The first bill has its comic and moral side. If I have to prove my point before service providers, I should not only understand the information on the following site, but also save relevant screenshots:

http://www.gstindia.com/about/

And as Plan A, of the essential ‘luxury’ items like soaps to sanitary pads, I had bought a packet or so extra to last till the speculative environment settles down.

Do you know of any better or reliable source to understand GST? How was your experience on the first day?

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Explaining My MIA Mode 

Using this Italian word – MIA – to explain my Missing-In-Action mode since my last post in circa 2012.

What have I been doing in the interim period…A little catching up before more serious blog posts follow.

What have I been doing? 

Bringing discipline back to my life.

This meme pretty much explains it all. Yes, I have been struggling to maintain a full-time job, have a social life, and find time to work out. (Universe, it won’t harm you if you throw in a rope in the form of a million dollar lottery winning so that I can chill.) This routine is exhausting, but the results are worth struggling for. (I will document my journey from 88 kg to 66 kg in different blog posts as I take up my yoga challenge from 8 July 2017. This challenge is part of my commitment to leading a disciplined life.)

Going back to a disciplined life is not an easy task. Because it is very difficult to convince people (whom you care for and who also care about you) that everything is fine, and this not-so-seemingly-normal behavior is actually normal. Those who understand this, it’s fine; those who don’t, that’s fine as well.

How I achieved my goal? 

  • ‌Prioritized tasks (professional and personal) based on need/importance
  • ‌Learned the art of direct communication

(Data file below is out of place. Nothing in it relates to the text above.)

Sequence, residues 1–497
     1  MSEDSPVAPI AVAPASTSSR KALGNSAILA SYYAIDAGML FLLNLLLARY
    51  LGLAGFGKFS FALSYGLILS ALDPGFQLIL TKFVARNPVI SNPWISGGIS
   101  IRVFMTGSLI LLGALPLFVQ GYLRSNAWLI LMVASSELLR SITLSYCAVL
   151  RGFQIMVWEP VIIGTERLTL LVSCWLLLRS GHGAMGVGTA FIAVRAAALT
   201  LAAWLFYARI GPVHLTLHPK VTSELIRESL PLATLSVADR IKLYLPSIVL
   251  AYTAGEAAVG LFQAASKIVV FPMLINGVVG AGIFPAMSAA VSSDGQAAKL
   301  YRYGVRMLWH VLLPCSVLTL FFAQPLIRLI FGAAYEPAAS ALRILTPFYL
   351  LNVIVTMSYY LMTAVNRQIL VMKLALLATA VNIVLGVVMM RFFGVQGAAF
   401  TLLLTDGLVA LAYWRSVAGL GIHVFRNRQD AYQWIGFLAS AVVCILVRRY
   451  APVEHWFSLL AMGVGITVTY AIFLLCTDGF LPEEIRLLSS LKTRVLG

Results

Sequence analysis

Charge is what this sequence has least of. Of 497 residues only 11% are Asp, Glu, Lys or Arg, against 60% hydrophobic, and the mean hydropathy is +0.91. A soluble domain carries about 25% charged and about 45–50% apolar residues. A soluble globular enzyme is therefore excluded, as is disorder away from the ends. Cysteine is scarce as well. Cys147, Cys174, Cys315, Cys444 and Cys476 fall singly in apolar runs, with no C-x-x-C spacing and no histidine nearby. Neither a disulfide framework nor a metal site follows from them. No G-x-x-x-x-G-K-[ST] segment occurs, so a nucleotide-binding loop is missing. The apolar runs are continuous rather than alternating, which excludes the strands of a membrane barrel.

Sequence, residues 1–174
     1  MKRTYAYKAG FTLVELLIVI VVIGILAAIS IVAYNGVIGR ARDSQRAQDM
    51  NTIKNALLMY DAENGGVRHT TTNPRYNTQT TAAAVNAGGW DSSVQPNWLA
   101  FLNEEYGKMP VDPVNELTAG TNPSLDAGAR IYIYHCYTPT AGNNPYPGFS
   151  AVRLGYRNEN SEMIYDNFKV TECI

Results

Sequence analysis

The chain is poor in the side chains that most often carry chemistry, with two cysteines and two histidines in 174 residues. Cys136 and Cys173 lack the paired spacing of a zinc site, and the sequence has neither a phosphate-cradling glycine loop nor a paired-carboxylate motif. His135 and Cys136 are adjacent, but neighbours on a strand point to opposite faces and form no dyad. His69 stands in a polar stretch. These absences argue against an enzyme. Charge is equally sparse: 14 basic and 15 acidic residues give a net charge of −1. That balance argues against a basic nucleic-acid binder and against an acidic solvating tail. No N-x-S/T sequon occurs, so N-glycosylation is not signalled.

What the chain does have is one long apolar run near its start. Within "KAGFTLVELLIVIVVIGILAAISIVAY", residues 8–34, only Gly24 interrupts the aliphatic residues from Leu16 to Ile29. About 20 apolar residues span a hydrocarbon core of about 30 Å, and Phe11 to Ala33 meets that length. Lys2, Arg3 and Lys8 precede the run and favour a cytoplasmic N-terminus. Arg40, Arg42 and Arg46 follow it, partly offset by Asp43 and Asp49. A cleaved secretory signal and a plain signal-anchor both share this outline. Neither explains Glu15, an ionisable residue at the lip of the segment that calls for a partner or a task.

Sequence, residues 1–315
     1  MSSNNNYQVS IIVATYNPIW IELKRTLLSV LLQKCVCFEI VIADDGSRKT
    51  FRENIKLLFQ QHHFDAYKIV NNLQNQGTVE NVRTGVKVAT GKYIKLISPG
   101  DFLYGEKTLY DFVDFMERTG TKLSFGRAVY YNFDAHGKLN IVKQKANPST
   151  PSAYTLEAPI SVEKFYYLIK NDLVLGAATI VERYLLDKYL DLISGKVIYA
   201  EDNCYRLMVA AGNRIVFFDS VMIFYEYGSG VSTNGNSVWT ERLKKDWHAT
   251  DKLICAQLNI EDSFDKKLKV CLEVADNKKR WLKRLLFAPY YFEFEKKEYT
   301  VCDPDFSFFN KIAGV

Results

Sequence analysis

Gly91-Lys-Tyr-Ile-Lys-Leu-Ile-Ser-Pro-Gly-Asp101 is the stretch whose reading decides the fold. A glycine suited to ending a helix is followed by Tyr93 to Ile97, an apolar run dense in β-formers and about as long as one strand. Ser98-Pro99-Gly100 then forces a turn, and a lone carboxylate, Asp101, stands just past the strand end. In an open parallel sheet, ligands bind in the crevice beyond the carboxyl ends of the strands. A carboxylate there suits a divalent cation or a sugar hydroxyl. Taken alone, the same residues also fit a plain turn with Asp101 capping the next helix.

• ‌Worked on having an assertive approach rather than an aggressive one

The above three points helped me organize my day, and find time and energy for doing things which used to be listed down as new year resolutions (every year!!).
Now that I have become used to discipline again, I can focus back on certain things which were/are closer to heart such as writing and taking vacations.

Do you also struggle to maintain a balance in life? What methods have you devised to deal with it? Are you also prone to as much drama as described above? Let me know as I also need to learn.

 

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Moment of Happiness

We all want to be happy… but what exactly is happiness? What is the exact moment of true happiness?

While watching Pursuit of Happyness recently, I started asking these questions. What led to the thought was that the protagonist was describing certain clinching moments from his life as “this part of my life is called…” Eventually, gloomy moments end with the part in his life which he describes as happiness or being happy. (It is an inspiring story…I enjoy watching it.) He enjoys the moment. He walks out of the building with tears of joy still in his eyes…not able to think of what to do next. But that was all to the moment of happiness…the movie ends with the protagonist walking with his kid while making future plans to secure and build more of this moment of happiness.

Then, what was the actual moment of ‘happyness’ and how long did it last? Can burden of expectations let happiness persist for long? (I wondered.)

Consider this. Announcement is being made that you stood first (or any rank till third) in your class for the academic year. (Remember the moment) You being in a different world – grinning ear to ear. You collect your report card from the principal. And the princi while congratulating would definitely say that it has to be better next year. There ends your happy moment. You come down and mingle; everyone congratulates you with the rejoinder that try to do better next time (if you stood first, it has to be better percentage next time, and if second, strive to top). So, the moment to rejoice is over or f**ked as expectation starts building.